Smack addicts

Market research on Youtube would suggest there's an audience for spanking videos

When I uploaded the six-second video below, I never thought it'd be the most popular thing I've shared online.

In 2018 I want to upload something that will make smack addicts clap for joy.

Kurkure Mango Achaari Triangles

Some months ago I wrote about Kurkure's snacks and recently I procured their chips

These Mango chutney-flavoured triangles have a beaut flavour combining lime, fruit and pepper.

Aside from the tannin-like bite, they taste a bit like lime and pepper crisps except it's a white pepper-like spice.

Hilltop holiday

One of the highlights of Christmas for me is spending time with my outlaws and seeing the landscape outside of Wagga

I've photographed sunrises and sunsets, as well as many blossoming plants. The Kurrajong trees, for example, were flowering like I've never seen before.

I was also surprised to hear a Grey Butcherbird among the more familiar birdsong, such as willy wagtail and magpie and crow.

I also saw this brown eagle, which was hanging around the chicken carcasses from Christmas lunch.

As I wandered about the land I saw lots of lizards and wondered whether they were, like the blossoming plants, having a good year for breeding.

I'd grabbed my camera to try and get a picture of this big skink, when I heard a rustle in the bushes and realised I wasn't the only spectator as the lizard basked in the afternoon light.

There was a brown snake -- which was a thrill to say the least!

You can see more pictures of wildlife that I've encountered on my Shotwildlife blog.


Staircase Stunts

Snake tears

Grey Butcherbird melody

One of the recent Disquiet Junto activities was to recreate a favourite sound from memory

I chose the song of the Grey Butcherbird because it reminds me of waking up at Burning Seed.

This morning, Christmas 2017, I awoke to peachy colours and arose to collect my camera to photograph the sunrise.

It was nice to hear the Grey Butcherbird's taunt among the morning birdsong.

Hope you're enjoying the festive season.

Postscript: I've learned the bird is actually a gerygone.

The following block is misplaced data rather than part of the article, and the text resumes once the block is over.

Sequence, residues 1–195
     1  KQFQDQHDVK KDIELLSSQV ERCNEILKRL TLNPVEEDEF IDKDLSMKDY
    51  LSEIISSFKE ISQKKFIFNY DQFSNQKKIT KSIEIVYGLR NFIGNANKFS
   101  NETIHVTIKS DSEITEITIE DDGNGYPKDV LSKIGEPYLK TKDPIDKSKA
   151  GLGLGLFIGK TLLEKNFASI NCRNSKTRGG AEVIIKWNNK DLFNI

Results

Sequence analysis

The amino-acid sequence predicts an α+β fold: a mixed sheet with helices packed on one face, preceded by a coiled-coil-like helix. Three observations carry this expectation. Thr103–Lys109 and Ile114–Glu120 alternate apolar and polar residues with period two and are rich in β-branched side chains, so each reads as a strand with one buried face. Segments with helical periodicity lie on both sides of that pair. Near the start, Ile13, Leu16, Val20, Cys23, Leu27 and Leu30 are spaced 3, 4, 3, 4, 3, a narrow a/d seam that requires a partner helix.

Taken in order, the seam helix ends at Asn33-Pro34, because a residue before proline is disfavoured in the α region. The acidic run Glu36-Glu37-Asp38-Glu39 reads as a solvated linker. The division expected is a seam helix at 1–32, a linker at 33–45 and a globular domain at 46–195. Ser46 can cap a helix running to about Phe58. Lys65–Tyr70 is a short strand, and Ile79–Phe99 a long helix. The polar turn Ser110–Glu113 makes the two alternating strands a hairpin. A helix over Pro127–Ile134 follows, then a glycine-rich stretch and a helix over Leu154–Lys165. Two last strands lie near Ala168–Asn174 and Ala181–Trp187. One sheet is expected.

Christmas lights outside Wagga

This display is nestled in a rural mailbox

Brian started the Athol Street display of Christmas lights, then downsized with his move out of the city.

That's no moon

“Unreasonable Threat of a Contemplative” by Riccardo Mayr

Naan for you

Some months ago a Disquiet Junto project introduced me to a cache of Sri Lankan music

The folder of grainy recordings from old records contained a mix of sounds, particularly traditional instruments and some rock and roll influences.

It made me want to make a song that could be used for a toasted curry naan video.

For a while I'd listen through the tracks, picking samples and finding myself frustrated at the short loops.

Then the other week I saw a pack of naan on special at Woolies and knew I needed to realise the idea.

This week there was leftover curry and then, after the purslane sandwich, my partner suggested I might want to try a weed called Fat Hen that she'd spotted at the local park.

Purslane? Yes, please!

Common purslane turns out to be exceedingly tasty in a toasted sandwich

I'm starting to encourage this Australian weed to replace the kikuyu grass in my yard, which I've been killing with tarps during summer.

Recently read in the excellent Bush Foods and Survival Plants that purslane is rich in Omega fatty acids.

Hits of 2017

My Mum encouraged me to reflect on the year, which has offered many opportunities for the pursuit and development of creative endeavours.

The year opened with a resolution to write a haiku poem each day, a practise that I've maintained and published on my Whimsy blog. In hindsight I can see this decision contributed to the development of an exhibition in Narrandera.

In January I saw my video projections on Wagga Wagga City Council Chambers. It was the second piece I've developed for them and greatly improved from attending a workshop with Yandell Walton they'd run in 2016.

In March I acquitted my second CASP project with a series of workshops at Griffith Pioneer Park Museum's annual Action Day.

In April I was accepted onto the Western Riverina Arts Board and it's great to continue my relationship with the organisation, which began in 2009 when I wrote a letter supporting its establishment and continued when I worked as Project and Communications Officer.

In June I began an international collaboration with UK-based Naviar Records, with a series of workshops to encourage haiku poems for the Crossing Streams exhibition. It wasn't a good start as no one attended but I was able to generate almost a couple of dozen haiku with five of these being distributed by Naviar and also the Disquiet Junto, generating around five hours of original recordings.

This year I continued contributing to Cyclic Defrost and interviewed both Marco from Naviar and Marc from Disquiet, which were opportunities to learn about them and their work. I really appreciate and admire the creative prompts they share, as well as like writing for Cyclic for the platform it provides for my investigations.

The most popular video I uploaded to Youtube this year was the song above that was made from a toy that has survived my three children.

The Crossing Streams exhibition wasn't the first I've curated but was the first time I'd organised an opening, which generated some anxiety but ended up being a great experience. I am grateful for the support of Kelly Leonard, who ran a workshop and brought an exhibition to the other room in the Narrandera Arts and Community Centre, and also to Peita Vincent and Greg Pritchard for their contributions and workshops.